So why is Dead Snow so boring? The premise of this film is Nazi Zombies. This shouldn’t be hard to do; you make a bunch of people fight a bunch of Nazi Zombies. Part of the issue is the tone and the atmosphere. While it is clear that the filmmakers wanted to make a horror comedy in the style of Shaun of the Dead or Dead Alive, they fail to understand what made those films funny or scary. In both of the above-mentioned films the line between joke scene, and horror scene was well established. You knew when a scene was supposed to be funny by the way it was shot and the music. You knew when you were supposed to take things seriously because again the music and the cinematography and the direction would be consistent. This movie doesn’t have any of that. The scenes that are supposed to be funny don’t make any sense, possibly because of bad translation (this film is dubbed English over German). All of the money shots in the movie are lifted straight from other movies too, one of them stolen from Cabin Fever 2: Spring Fever of all bloody places.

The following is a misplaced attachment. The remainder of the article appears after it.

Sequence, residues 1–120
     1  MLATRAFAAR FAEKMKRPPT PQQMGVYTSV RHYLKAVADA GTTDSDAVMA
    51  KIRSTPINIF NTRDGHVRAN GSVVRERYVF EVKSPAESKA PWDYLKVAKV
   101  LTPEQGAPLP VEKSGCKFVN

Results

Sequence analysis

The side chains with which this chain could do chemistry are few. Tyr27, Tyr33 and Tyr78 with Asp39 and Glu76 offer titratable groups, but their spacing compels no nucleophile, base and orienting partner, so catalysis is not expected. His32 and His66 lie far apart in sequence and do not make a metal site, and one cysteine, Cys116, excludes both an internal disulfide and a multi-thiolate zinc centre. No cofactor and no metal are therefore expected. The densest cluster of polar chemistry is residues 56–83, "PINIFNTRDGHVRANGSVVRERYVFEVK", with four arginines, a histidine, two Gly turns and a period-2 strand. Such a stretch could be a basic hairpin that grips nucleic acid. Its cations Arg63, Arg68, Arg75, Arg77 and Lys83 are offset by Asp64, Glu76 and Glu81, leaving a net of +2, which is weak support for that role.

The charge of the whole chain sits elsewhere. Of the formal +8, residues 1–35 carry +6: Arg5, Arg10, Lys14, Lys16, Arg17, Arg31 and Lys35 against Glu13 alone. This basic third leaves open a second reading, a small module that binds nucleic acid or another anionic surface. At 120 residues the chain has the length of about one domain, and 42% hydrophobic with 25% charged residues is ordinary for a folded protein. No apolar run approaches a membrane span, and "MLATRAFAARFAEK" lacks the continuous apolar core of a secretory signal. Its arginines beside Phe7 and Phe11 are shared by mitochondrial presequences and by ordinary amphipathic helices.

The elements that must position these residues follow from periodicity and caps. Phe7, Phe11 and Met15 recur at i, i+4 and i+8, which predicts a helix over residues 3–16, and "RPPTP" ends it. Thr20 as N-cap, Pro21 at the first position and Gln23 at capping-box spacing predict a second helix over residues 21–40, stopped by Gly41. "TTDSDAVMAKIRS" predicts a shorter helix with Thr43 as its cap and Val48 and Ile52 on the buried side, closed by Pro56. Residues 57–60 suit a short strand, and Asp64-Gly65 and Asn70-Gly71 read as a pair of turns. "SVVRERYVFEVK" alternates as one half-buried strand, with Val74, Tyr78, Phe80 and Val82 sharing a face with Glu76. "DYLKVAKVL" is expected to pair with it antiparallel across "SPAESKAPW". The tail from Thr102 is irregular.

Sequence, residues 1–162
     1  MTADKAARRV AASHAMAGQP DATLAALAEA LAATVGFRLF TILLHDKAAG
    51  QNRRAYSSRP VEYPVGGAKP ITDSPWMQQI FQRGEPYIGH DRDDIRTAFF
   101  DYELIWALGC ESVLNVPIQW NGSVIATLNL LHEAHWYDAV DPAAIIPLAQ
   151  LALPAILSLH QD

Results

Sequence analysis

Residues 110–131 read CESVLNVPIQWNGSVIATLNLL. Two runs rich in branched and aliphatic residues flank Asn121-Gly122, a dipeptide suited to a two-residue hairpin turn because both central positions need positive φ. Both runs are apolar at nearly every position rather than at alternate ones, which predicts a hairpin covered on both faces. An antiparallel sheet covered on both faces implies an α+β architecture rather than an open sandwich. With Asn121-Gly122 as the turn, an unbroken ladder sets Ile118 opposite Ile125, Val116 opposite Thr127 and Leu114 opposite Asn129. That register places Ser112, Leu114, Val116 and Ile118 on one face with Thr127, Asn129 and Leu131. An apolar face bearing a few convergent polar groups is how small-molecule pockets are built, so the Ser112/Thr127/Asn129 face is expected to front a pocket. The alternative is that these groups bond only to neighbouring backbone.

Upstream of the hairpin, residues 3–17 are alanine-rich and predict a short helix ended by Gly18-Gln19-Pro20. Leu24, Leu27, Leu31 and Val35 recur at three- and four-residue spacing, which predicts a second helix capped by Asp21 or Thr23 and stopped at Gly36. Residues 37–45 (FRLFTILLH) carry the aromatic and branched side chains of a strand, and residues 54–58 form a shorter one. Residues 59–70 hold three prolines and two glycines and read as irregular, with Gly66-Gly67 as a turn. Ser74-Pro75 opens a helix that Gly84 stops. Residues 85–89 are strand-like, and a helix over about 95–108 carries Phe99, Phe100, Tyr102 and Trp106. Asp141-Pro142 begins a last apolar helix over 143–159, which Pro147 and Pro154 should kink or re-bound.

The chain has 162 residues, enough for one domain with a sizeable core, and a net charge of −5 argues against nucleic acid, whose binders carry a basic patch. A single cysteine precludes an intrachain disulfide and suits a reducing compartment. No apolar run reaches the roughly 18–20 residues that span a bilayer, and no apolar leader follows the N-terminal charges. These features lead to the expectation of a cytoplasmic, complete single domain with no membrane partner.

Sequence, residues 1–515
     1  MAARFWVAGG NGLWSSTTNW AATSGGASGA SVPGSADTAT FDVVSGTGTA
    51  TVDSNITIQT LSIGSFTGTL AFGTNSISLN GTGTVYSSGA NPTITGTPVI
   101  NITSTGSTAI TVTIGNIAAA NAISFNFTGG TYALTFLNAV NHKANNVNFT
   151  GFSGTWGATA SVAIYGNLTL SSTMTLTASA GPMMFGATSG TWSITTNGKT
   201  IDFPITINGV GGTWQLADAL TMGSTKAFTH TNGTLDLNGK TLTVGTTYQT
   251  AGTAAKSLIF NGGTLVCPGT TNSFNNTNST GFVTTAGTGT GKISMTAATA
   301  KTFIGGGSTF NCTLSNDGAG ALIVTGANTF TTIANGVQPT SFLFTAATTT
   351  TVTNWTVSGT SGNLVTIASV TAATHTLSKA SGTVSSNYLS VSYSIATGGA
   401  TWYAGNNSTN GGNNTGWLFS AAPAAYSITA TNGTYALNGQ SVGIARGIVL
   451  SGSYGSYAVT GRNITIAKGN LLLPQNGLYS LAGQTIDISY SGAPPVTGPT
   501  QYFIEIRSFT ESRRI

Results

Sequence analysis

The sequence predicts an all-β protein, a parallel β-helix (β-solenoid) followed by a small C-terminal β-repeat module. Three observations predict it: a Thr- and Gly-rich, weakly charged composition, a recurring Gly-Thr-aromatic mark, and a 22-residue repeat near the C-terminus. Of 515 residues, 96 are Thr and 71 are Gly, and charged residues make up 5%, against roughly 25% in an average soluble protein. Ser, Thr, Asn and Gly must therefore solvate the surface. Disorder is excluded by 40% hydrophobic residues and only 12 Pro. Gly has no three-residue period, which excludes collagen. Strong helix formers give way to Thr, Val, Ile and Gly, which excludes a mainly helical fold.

Sinister: A drunken crime-novelist moves into the house of the family whose deaths he’s investigating. After discovering a box of home movies that contain footage of their murders, he desperately tries to piece together the reason behind the murders, while slowly losing his sanity in the process.
I loved Sinister, a lot. I don’t enjoy a lot of modern horror because a lot of it is steeped in uninspired jump-scares, buckets of gore, and found-footage garbage. Funnily enough two of these things mentioned (jump-scares and found-footage garbage) happen in Sinister but good direction and an old-school (but still tight) script hold it together. The acting in the film is pretty good, albeit some of the actors can get a little hammy during the talky scenes but once the lights go out they’re all business. One thing that surprised me a lot was the almost complete lack of blood in the movie. The direction here is top-notch, the film was clearly a labor of love by its director. He has a little trouble directing slow scenes but when it comes time for balls-to-the-wall scares he’s great. Some of the directing choices are highly unconventional and really do entertain. One scene in particular in the middle of the film with all of the murder victims is particularly terrifying and incredibly well put together.